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The Dauntless Nurse: A Beacon for Safety

By: By Kathleen Bartholomew

“Why didn’t Nurse Vaught see that it was the wrong drug? I mean, come on, look at the facts.”

While it seems impossible to understand how former nurse RaDonda Vaught could have blown past so many cautions, we’re looking at this situation in hindsight. The reality is that nurses and doctors (all humans) can blow past alerts and warnings because we’re mission oriented—and the mission becomes the beacon toward which we race. This awareness sits at the foundation of high-reliability science.

To understand this egregious error, we must understand human factors. As time is compressed and unrealistic pressures bombard the brain, we may go into automatic function to survive in overload and our vision narrows. We don’t “see.” Similar to how a police officer following a car in a high-speed chase may narrow their vision and not see the pedestrian they endanger, that’s nursing. A high-speed chase to admit, chart, give meds, assess, catch falling patients, call the doctor, educate, discharge—often without a break or meal.

The truth is that healthcare has never embraced high-reliability practices for the following reasons:

  • No consequences exist for ignoring high-reliability science.
  • Boards of directors and leaders aren’t held responsible.
  • Mistakes are hidden from the public, so there’s no outrage.
  • Providers practice in a culture of fear as evidenced by self-silencing and cover-ups.
  • Accidental death/harm doesn’t damage the bottom line enough to matter.

Consider as proof that a national data bank of patient errors (WSJ/Sept. 2021) hasn’t been supported or endorsed by the American Medical Association or American Hospital Association.

After 21 years of advocating for patient safety, it’s difficult for me to admit that so little has changed. Maybe the Vaught case is actually a gift that will finally bring our behaviors and motives to light. If safety was more important than profit, everyone would be ardently pursuing high-reliability training, anxious to learn more about the science of being human and to be laser focused on creating environments where providers are psychologically safe. That’s my beacon.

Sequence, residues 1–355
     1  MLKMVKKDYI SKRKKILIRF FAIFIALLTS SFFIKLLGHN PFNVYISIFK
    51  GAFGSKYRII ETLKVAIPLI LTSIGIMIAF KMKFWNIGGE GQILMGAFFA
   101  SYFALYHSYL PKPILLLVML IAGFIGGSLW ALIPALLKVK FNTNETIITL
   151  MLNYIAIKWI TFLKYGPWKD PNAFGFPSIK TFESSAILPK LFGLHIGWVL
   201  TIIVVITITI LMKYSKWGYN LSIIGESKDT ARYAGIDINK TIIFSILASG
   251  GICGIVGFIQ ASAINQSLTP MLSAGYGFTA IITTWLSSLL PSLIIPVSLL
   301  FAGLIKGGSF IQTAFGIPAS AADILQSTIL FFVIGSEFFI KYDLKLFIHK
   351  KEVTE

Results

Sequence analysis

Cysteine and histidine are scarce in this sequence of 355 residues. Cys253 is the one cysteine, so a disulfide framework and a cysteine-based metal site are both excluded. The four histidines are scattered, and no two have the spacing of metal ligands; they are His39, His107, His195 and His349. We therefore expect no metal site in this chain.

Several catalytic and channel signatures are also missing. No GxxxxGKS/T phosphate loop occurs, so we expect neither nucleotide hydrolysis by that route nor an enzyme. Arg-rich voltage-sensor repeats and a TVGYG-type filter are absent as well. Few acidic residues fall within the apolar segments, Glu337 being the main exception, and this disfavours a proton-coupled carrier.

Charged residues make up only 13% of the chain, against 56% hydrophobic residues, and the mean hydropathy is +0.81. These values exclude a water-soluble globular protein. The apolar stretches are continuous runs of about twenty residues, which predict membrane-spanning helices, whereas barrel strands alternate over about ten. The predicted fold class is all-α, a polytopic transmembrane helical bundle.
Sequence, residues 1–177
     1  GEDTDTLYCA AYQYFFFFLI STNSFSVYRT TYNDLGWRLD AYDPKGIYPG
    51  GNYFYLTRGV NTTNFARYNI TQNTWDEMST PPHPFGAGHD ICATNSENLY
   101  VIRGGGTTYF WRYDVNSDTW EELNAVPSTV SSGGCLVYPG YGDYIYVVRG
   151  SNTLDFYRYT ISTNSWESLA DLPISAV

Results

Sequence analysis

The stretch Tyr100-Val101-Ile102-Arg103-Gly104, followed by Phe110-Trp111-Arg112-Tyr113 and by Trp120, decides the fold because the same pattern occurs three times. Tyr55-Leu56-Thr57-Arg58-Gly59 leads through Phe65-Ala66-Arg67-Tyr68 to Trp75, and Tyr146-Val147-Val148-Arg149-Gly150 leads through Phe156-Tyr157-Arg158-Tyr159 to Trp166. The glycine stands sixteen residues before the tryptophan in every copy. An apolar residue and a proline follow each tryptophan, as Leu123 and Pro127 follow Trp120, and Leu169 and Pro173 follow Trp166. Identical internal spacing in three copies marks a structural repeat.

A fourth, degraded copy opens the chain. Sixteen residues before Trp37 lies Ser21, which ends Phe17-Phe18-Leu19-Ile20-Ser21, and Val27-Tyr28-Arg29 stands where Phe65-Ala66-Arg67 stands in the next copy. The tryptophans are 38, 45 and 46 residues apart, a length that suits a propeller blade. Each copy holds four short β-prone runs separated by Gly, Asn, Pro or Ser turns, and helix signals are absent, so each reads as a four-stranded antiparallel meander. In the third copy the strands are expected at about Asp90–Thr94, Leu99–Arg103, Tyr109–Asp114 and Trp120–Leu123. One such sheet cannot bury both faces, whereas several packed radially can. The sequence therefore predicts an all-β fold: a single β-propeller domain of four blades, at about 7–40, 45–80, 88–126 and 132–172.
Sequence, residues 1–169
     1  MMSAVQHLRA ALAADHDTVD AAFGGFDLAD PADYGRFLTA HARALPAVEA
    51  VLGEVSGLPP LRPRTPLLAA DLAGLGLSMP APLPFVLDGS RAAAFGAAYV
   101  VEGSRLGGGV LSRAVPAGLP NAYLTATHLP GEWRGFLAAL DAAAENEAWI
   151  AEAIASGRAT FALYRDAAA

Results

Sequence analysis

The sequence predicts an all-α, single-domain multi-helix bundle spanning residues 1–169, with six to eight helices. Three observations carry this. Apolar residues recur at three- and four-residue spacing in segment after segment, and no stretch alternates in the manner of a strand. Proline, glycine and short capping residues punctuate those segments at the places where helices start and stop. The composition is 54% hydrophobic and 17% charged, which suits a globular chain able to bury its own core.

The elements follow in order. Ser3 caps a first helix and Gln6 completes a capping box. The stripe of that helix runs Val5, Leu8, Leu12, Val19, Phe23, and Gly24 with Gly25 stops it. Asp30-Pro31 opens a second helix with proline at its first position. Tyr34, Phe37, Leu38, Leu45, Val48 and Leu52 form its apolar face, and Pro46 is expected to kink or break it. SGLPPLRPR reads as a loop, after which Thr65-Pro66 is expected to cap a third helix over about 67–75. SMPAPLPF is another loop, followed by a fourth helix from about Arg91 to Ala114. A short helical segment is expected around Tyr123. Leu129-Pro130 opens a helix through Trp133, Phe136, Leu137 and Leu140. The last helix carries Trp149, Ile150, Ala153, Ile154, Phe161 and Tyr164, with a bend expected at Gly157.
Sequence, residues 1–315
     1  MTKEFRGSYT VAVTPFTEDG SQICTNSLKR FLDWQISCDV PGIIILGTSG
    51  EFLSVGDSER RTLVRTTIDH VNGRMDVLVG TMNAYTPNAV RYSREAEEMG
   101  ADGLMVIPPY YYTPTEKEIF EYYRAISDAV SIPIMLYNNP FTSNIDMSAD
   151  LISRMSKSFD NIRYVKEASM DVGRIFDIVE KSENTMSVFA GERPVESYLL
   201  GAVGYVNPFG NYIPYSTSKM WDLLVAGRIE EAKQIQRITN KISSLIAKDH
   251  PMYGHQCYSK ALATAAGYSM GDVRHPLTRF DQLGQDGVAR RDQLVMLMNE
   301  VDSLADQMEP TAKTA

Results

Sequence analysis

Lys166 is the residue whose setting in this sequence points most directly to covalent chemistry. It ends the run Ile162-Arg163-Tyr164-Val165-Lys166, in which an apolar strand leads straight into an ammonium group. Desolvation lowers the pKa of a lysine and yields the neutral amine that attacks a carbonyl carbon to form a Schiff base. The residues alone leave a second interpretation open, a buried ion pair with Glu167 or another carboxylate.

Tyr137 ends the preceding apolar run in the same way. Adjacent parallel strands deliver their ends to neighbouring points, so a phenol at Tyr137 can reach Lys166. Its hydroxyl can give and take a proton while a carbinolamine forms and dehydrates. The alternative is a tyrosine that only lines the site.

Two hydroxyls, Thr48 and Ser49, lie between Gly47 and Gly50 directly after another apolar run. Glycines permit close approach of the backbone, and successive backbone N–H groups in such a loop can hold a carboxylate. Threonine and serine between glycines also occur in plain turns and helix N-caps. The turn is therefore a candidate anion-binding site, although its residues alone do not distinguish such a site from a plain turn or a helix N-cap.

kathleen-bartholomew-dauntless-nurseKathleen Bartholomew, RN, MN, is an internationally recognized patient safety and health culture expert. Kathleen has spoken on leadership, communication, patient safety, and peer relationships to hospital executives and nurse leaders for twenty years.

All of her books come from her passion to understand the stories of nurses.  Her books, “Ending Nurse to Nurse Hostility” and “Speak Your Truth” illuminate our relationships with our peers and physician partners.  She is also co-author of “The Dauntless Nurse” which was written as a communication confidence builder.

Kathleen is also a guest Op Ed writer to the Seattle Times and has been interviewed twice on NPR’s “People’s Pharmacy”. Her Tedx Talk calls for changing our belief system from a hierarchy to equality in order to keep our patients safe – and also explains how disaster thrust her into ‘the best profession ever’.

You can also find more information about Kathleen on her websiteTwitter, and Facebook

The views and opinions expressed by My Nurse Influencer contributors are those of the author and do not necessarily reflect the opinions or recommendations of the American Nurses Association, the Editorial Advisory Board members, or the Publisher, Editors and staff of American Nurse Journal. These are opinion pieces and are not peer reviewed.

2 Comments. Leave new

  • A lot has been said about the effects of overstimulation on patients, but little has been said about overstimulation on nurses. When management or accounting, or any other group are doing heavy brainwork, crunching numbers and planning, they are behind closed doors in a quiet space. Nurses do not have that luxury. The thinking part of the brain that holds the information that tells us to read the label, check the armband, watch for safety cues, is suppressed and silenced by the part of the brain that is hearing people talking, bells ringing, machine noises, and our own running list that is in our consciousness telling us the next three or five things we have to do in addition to this. We are constantly overstimulated. I believe she was on auto-pilot as a result of this kind of overstimulation. Few can understand, other than maybe soldiers on a battlefield. Their mistakes can cost lives too, and are likely to be covered up to spare the embarrassment of friendly fire.

  • As a retired R.N. I CAN UNDERSTAND how some incidents occur. As for reporting this some factors may influence how and when this happens. First who does the reporting and how an incident is handled. Nurses are expected to self report their errors and the outcomes. Often their supervisors are unsure how to deal with nurses who need to understand what went wrong and what the consequences are. Some supervisors are punative others try to protect their staff . There are few classes in school teaching student nurses how to be a supervisor and how to work with staff or superiors.


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